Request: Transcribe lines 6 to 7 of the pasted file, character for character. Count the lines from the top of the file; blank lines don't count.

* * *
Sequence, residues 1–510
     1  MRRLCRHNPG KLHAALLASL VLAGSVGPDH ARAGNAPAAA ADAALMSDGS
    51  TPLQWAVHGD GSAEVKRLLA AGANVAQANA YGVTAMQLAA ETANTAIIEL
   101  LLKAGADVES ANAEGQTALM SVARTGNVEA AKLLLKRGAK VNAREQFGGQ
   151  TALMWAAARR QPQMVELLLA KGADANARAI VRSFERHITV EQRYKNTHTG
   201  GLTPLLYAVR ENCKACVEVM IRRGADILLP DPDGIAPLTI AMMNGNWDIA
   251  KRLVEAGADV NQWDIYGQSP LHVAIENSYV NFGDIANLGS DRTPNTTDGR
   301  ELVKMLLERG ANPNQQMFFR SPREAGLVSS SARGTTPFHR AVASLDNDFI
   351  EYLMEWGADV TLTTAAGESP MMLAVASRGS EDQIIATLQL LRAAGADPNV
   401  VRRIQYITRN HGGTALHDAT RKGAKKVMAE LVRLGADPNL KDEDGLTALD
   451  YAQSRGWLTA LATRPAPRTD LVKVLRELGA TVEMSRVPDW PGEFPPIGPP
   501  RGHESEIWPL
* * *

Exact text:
   201  GLTPLLYAVR ENCKACVEVM IRRGADILLP DPDGIAPLTI AMMNGNWDIA
   251  KRLVEAGADV NQWDIYGQSP LHVAIENSYV NFGDIANLGS DRTPNTTDGR